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Give me Liberty and give me death



NOTE: This is an opinion piece. I realize not everyone will agree with me, and some may harbor completely different opinions. That's fine. I definitely respect everyone's perspective on this matter.


Patrick Henry's alleged words before the Second Virginia Conference in 1775 have been immortalized in the canon of American culture: "Give me liberty, or give me death." Obviously, Henry's intent was to catalyze dissent against British rule and to advocate liberty under a new form of colonial government--one far more representative of the people. His claim was simple, yet profound. He preferred death to continued tyranny under the British crown. Indeed, anything short of absolute freedom from oppression--whether individual, political, or religious--was unacceptable to Henry.


Today, we stand in awe of the courage and resolve Henry and his compatriots mustered in order to stare the Lion in the eyes and not blink. We bask in the sunlight of modern-day political and social freedom in America. We thank the Lord that He graciously gifted us with birth or naturalization under the watchful gaze of Lady Liberty.


But all is not well in America. There exist among the amber waves of grain tufts of chaff with which we must grapple...clumps of oppression that all Americans should examine closely and, when their rotten wheat-heads are exposed, work to eliminate or, if possible, revitalize. To do otherwise is to risk choking out the healthy wheat and ruining the entire crop.


One such tuft exists within America's most notorious Christian institution of higher education: Liberty University in Lynchburg, VA. Founded as a Christian liberal-arts college in the early 1970s by the late Rev. Jerry Falwell, Liberty began of humble means and with generally pure motives. Although the university went through some troubling financial times in the 1980s and 1990s, and even though Rev. Falwell was by no means a perfect man, the institution thrived spiritually and idealistically under Rev. Falwell's leadership and until his untimely death in 2007. Through those years, many loyal followers dedicated their lives to Liberty's oft-quoted mantra: "Training Champions for Christ." And, indeed, such training occurred on an impressive scale. Rev. Falwell and his band of countercultural evangelicals (i.e., faculty, staff, students, parents, patrons, and other supporters) went forth to fulfill the Great Commission with the greatest of zeal. For this wonderful Kingdom work, Liberty should be applauded.


And much of that work continues in the classrooms of Liberty University today. I know firsthand the high-caliber character of the faculty there. I once led a portion of them as an associate dean and dean. They are dedicated, loyal, intelligent, diverse, and Christ-centered. They come from around the world, hail from some of the finest institutions of higher education in America, and teach with conviction that is second to none. I am proud to have once called these fine men and women of faith and learning my colleagues.


I'm not proud, however, of those who form the executive core of the university, principal of whom is Mr. Jerry Falwell, Jr., Rev. Falwell's eldest son and successor. If the countless news stories over this past year are true, then any reasonable person would conclude that Liberty's upper-administration is hemorrhaging both morally and ethically, and Jerry Jr. is holding the bloody knife. From accusations of sexual scandal to questionable financial dealings to political corruption, Jerry Jr. has found himself enveloped in the heavy smoke of controversy. And as everyone knows, when smoke begins to billow, there is definitely fire somewhere...fire that could lead to innocent loss of life.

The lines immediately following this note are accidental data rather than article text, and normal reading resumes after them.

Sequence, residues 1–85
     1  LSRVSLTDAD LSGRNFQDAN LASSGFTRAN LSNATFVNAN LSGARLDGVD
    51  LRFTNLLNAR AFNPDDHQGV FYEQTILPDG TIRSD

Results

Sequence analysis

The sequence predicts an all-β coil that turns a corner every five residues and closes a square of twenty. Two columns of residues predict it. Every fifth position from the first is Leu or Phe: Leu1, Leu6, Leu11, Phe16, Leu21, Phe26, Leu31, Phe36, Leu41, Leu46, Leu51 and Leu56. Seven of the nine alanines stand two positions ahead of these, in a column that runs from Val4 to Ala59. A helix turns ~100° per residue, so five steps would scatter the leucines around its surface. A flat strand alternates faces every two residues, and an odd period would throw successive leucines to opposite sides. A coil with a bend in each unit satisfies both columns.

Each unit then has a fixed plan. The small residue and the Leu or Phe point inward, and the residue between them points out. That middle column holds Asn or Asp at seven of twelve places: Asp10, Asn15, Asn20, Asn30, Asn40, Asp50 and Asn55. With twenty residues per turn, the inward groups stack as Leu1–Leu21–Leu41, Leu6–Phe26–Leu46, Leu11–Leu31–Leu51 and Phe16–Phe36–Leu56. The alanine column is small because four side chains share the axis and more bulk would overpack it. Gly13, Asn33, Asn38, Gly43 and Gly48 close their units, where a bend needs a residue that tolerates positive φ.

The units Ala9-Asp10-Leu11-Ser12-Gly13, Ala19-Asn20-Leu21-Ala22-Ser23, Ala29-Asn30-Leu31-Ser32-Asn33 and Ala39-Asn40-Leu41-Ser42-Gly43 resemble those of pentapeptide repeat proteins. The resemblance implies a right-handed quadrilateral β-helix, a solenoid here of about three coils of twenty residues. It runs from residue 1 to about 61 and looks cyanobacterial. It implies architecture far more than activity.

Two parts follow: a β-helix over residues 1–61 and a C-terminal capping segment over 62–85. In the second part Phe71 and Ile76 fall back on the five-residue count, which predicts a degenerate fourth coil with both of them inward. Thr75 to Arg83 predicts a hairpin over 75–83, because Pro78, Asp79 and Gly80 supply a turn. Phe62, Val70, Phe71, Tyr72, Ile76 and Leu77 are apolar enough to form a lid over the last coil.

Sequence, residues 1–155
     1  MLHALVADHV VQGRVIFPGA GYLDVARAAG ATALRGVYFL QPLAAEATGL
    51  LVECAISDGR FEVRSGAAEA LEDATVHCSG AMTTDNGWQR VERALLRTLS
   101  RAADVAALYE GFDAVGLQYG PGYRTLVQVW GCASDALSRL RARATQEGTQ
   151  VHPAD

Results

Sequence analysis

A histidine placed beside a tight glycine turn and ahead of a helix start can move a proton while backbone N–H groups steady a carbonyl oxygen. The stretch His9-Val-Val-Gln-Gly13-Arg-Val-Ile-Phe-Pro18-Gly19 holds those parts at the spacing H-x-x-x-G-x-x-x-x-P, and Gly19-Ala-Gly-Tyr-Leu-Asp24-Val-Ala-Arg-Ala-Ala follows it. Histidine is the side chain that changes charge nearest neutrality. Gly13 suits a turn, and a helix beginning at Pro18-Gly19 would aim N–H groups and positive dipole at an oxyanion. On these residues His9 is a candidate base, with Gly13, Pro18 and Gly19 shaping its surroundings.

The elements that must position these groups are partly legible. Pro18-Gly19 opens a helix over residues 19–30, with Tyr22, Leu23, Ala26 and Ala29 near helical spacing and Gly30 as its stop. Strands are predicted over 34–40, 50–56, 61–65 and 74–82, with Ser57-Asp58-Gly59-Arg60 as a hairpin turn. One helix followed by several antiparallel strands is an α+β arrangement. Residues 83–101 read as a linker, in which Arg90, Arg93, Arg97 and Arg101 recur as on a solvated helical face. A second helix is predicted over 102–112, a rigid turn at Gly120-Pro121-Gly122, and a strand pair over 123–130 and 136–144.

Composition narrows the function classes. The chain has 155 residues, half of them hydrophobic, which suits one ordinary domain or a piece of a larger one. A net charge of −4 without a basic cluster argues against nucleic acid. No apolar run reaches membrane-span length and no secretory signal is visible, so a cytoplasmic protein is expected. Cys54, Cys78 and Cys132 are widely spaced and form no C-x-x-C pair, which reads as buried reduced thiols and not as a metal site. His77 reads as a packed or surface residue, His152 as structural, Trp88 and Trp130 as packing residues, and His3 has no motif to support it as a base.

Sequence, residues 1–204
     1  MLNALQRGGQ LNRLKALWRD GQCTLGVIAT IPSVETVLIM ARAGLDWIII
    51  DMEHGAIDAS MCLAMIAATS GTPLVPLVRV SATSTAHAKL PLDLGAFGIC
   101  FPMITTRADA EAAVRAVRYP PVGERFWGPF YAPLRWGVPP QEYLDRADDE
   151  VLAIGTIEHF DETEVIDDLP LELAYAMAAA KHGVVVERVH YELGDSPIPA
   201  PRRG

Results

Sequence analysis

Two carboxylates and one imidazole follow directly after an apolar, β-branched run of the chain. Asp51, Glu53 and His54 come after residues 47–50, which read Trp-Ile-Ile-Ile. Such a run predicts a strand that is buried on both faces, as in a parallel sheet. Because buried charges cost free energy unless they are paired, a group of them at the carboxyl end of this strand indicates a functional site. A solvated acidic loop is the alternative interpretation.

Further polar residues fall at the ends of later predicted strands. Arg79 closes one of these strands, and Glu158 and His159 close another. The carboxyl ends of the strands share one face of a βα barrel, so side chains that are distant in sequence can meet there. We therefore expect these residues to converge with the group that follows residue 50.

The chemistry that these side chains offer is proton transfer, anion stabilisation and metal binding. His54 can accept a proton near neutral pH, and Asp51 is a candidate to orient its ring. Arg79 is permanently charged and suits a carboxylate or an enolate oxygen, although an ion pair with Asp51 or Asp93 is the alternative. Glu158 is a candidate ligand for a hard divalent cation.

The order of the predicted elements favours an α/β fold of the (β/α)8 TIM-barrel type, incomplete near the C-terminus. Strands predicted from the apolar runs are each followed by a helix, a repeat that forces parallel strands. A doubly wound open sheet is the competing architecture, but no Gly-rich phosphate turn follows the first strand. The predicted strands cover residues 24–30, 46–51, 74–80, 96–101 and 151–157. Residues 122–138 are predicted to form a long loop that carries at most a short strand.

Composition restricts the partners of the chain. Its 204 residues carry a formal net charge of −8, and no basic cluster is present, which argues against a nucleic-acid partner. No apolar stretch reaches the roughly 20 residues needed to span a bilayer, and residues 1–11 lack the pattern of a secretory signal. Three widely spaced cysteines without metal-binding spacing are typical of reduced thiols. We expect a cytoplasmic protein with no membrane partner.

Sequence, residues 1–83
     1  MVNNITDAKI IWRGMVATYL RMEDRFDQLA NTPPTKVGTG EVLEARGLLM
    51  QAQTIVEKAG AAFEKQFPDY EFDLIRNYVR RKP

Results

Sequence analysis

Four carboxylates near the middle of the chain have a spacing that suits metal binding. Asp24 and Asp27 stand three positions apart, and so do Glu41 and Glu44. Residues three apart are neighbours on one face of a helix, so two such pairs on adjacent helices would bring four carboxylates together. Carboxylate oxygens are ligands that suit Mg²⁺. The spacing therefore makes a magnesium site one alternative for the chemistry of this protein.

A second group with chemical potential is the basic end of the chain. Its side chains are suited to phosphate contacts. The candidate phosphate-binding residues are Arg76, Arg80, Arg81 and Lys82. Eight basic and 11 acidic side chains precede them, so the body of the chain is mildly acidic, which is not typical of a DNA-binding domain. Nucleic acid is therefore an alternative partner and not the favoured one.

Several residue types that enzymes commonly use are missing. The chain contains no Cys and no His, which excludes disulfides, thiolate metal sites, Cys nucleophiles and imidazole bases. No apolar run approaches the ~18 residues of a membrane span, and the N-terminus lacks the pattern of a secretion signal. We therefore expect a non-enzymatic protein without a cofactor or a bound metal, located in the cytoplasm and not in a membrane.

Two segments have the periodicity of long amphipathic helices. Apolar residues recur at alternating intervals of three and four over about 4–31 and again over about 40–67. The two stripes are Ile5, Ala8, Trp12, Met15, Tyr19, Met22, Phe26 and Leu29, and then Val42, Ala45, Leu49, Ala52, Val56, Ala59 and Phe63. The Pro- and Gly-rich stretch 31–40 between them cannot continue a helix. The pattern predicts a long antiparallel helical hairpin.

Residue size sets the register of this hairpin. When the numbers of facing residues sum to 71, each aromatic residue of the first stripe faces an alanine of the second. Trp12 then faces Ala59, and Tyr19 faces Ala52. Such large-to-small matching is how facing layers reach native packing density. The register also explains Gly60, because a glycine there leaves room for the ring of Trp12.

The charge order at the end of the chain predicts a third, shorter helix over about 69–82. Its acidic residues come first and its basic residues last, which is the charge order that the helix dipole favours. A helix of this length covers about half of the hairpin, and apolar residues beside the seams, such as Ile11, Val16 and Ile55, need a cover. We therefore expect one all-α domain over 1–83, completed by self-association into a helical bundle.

Which brings us back to the faculty. The culture of fear that exists at Liberty is palpable. As several articles have already reported, faculty members and lower-level administrators are hesitant to voice concerns or "make waves" for fear of losing their jobs or having their reputations smeared. This, of course, negatively impacts academic freedom...that coveted "liberty" that all academicians should possess in the scholarly pursuit of knowledge and critical thought. At Liberty University, academic freedom is a phrase used only notionally to fulfill accrediting requirements or as a politically correct sound bite. Anyone who works at Liberty knows that true academic freedom is seen as a threat by upper administrators and is discouraged in many unspoken--yet very clear--ways.


The result is a faculty that is oppressed...a faculty that cannot reach its highest potential in terms of emotional well-being, professionalism, or scholarship...a faculty that exists under a burdensome cloud of discontent and uncertainty...a faculty riddled with fear. In this environment, there is a stench of spiritual death in the air...a smell I remember quite well...a smell that would probably motivate a modern-day radical like Patrick Henry to make a similar declaration to the one popularized in 1775. This new declaration, however, would replace or with the more appropriate coordinating conjunction and as well as make liberty a proper noun: "Give me Liberty, and give me death." That is to say, it would replace an iconic call for freedom with a genuine cry for help.


NOTE: This is an opinion piece. I realize not everyone will agree with me, and some may harbor completely different opinions. That's fine. I definitely respect everyone's perspective on this matter.

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